Democratic Senator Mark Warner, one of the “gang of six” that sought a bipartisan deal on U.S. debt reduction, urged members of both parties on a deficit supercommittee to “go big, go bold” with their savings.
“Even if the supercommittee knocks another $1.5 trillion off our debt, that’s still not going to be enough,” Warner said on Bloomberg Television’s “Political Capital with Al Hunt,” airing this weekend. “Unless we can also take on the issue of entitlement reform and tax reform to generate revenue, I don’t think we’re going to get there,” he said.
Warner of Virginia said the government has exhausted traditional tools for boosting the economy and creating jobs, such as lowering interest rates and injecting stimulus spending.
With President Barack Obama set to outline a jobs plan next month, Warner said Congress shouldn’t let partisan bickering get in the way of other options, including funding to improve the nation’s infrastructure, changing patent law and speeding the approval of new medicines.
“If we’re going to look at gridlock, candidly, the whole Congress ought to get fired, because the American people ought to expect us to do our job,” Warner said. “Part of that is at least what we can do to try to help incent this kind of job creation.”
Warner said there is “a whole series of things that we could do,” and some lawmakers, particularly in the House, must “simply stop saying ‘no’ and kind of roll up their sleeves and try to work together in a bipartisan way.”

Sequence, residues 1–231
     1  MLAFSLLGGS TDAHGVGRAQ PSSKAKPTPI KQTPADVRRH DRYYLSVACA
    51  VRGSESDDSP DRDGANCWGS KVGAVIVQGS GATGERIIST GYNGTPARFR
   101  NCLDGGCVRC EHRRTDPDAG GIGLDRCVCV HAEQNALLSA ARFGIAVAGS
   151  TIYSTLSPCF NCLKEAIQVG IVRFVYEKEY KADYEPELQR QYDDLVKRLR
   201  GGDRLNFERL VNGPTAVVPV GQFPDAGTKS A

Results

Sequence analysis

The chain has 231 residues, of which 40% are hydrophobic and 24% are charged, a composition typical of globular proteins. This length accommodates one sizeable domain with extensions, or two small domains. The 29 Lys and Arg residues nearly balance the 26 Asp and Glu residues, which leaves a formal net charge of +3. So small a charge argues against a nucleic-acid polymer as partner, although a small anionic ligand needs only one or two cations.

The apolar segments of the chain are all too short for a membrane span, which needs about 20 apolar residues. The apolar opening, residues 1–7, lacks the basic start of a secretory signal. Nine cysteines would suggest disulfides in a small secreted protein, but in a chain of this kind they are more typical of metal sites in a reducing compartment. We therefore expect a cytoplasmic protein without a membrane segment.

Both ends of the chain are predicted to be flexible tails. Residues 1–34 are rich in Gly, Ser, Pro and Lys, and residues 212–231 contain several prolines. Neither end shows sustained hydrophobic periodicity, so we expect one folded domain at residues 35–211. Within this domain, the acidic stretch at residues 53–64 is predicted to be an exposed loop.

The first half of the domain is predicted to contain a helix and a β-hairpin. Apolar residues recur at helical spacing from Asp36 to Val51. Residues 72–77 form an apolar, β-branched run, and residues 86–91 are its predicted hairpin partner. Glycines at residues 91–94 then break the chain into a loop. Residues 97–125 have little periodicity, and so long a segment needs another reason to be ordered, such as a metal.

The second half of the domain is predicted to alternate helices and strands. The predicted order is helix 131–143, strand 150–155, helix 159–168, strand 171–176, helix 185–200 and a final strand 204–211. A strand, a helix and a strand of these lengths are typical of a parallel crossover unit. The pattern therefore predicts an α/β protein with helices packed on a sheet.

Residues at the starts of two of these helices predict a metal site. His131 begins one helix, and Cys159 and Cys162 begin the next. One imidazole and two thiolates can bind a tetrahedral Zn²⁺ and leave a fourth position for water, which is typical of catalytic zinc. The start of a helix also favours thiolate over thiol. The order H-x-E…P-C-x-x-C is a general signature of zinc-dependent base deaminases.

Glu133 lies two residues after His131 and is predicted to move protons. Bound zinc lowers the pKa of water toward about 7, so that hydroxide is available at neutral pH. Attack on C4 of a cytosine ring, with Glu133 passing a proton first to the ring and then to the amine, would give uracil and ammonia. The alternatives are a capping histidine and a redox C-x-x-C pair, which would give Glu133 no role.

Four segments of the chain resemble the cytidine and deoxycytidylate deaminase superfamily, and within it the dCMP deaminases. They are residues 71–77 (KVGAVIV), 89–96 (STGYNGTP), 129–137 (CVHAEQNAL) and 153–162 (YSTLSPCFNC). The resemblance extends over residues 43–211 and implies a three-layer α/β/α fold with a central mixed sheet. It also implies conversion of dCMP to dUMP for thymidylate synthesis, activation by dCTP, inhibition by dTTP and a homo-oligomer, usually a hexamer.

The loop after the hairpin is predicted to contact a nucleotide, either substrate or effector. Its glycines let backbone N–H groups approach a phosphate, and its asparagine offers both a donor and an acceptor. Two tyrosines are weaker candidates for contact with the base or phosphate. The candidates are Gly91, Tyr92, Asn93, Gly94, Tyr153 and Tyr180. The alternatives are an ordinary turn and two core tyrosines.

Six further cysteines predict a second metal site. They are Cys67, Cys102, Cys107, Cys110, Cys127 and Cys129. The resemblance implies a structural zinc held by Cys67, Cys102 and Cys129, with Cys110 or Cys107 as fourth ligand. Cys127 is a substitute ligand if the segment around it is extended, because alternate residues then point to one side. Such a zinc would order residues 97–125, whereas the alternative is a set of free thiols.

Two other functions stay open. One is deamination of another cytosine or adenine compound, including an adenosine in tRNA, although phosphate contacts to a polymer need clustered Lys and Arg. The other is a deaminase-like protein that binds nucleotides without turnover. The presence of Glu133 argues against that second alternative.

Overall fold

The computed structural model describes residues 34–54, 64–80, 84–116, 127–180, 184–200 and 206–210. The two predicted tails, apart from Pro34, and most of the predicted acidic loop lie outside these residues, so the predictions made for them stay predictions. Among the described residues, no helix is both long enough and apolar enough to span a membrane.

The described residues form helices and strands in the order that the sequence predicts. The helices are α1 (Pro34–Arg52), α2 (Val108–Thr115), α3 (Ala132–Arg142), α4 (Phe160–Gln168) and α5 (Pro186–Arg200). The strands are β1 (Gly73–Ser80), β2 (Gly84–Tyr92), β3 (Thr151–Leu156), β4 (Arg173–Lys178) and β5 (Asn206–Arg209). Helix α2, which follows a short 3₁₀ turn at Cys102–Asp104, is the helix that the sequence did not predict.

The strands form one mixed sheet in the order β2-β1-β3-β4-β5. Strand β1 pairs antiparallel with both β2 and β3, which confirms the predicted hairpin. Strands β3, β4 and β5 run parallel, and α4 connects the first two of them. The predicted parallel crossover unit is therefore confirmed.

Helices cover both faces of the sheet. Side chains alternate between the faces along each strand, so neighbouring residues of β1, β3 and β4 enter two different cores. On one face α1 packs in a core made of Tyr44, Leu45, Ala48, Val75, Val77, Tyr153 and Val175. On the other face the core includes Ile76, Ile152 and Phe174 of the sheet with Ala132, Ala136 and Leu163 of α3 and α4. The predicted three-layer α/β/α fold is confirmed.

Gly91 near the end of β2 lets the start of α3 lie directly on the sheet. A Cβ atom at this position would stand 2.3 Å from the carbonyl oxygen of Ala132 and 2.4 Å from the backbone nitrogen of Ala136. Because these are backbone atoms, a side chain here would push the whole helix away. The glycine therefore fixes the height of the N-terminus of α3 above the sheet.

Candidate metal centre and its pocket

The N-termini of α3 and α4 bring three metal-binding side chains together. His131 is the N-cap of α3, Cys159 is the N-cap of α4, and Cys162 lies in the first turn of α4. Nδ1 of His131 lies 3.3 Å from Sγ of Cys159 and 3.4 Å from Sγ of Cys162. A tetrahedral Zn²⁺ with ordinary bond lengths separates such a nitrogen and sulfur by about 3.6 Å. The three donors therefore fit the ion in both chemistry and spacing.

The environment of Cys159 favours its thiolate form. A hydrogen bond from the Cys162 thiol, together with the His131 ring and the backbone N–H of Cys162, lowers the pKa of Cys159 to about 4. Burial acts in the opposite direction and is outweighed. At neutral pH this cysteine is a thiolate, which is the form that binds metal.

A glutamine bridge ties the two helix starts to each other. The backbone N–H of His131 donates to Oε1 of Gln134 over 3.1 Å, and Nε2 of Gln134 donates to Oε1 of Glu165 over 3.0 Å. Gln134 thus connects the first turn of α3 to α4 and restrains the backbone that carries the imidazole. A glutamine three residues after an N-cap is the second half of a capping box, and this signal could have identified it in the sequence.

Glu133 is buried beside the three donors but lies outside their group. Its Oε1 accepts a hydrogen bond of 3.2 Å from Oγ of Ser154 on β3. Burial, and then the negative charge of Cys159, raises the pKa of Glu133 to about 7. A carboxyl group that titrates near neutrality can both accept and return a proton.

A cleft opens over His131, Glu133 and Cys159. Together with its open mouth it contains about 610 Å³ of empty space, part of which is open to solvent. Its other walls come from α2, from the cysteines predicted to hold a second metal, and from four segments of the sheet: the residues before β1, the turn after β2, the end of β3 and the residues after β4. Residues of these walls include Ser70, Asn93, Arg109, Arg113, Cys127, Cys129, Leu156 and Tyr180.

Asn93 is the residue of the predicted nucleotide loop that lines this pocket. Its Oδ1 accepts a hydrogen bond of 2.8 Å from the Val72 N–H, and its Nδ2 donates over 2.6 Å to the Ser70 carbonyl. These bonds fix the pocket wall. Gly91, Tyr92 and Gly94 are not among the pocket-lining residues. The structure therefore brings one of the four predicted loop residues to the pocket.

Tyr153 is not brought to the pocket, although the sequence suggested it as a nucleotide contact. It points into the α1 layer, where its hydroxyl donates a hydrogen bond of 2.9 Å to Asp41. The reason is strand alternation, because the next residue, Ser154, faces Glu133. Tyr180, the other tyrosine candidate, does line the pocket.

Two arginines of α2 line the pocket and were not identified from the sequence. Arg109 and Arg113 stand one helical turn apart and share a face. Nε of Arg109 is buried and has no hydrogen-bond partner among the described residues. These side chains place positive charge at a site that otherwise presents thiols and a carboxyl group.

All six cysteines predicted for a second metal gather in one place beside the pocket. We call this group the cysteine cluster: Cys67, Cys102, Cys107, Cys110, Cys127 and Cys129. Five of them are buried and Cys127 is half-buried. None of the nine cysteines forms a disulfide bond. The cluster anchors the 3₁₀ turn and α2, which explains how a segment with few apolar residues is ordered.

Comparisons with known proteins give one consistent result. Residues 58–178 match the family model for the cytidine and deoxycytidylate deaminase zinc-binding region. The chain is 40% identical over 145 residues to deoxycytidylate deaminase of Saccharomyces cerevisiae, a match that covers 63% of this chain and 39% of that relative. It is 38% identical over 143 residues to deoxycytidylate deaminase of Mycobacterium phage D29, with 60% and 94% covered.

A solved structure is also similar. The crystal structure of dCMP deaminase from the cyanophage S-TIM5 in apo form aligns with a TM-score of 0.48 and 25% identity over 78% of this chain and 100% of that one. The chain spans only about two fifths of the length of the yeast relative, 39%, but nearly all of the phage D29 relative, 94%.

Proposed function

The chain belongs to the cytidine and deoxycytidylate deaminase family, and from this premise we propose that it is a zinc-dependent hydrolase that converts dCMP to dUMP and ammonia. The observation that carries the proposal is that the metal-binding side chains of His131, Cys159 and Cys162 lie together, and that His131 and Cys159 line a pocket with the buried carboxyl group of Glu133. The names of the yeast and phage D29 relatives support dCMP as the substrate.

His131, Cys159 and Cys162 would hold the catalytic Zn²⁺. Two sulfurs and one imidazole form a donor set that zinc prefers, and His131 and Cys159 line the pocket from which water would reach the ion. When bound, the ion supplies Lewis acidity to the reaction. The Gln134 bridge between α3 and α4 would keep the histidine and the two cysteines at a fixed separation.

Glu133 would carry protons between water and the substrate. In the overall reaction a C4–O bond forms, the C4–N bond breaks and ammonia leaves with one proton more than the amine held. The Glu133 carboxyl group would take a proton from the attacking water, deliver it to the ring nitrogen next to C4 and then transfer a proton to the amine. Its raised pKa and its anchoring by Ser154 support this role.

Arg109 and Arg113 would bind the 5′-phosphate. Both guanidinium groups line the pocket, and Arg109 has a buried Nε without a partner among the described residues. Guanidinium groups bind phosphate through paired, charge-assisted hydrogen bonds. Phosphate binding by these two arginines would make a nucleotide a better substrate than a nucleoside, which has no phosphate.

Obama will release his jobs plan shortly after the Sept. 5 Labor Day holiday. The president intends to press Congress for billions of dollars in fresh spending to reduce unemployment as he also pursues a compromise on long-term deficit cuts.
Measures to spur the economy that require additional government spending are likely to run into opposition from congressional Republicans, who control the House of Representatives.
Warner, who has spent August traveling his state, said he’s finding a “huge level of frustration” with Congress for not doing more to reduce the nation’s deficit. The non-partisan Congressional Budget Office projects the shortfall will reach $1.3 trillion in the year ending Sept. 30.
“Personally, I’m pretty disgusted as well,” he said.
As part of a debt-limit compromise Congress passed earlier this month, lawmakers designated a 12-member bipartisan panel to find $1.5 trillion in budget savings over 10 years to avoid automatic, across-the-board spending cuts. The panel was given a Nov. 23 deadline to offer a proposal and must overcome differences over taxes and cuts to entitlement programs such as Medicare.
Warner said lawmakers must be willing to “check their Republican-Democrat hats and really make sure that we get this debt and deficit problem under control.”
While the problem won’t be solved overnight, “a 10-year plan to reduce $4 trillion in debt should not be the kind of ultimate heavy lift,” Warner said. “If we don’t step up and do that, then I don’t think we are doing our country a service.”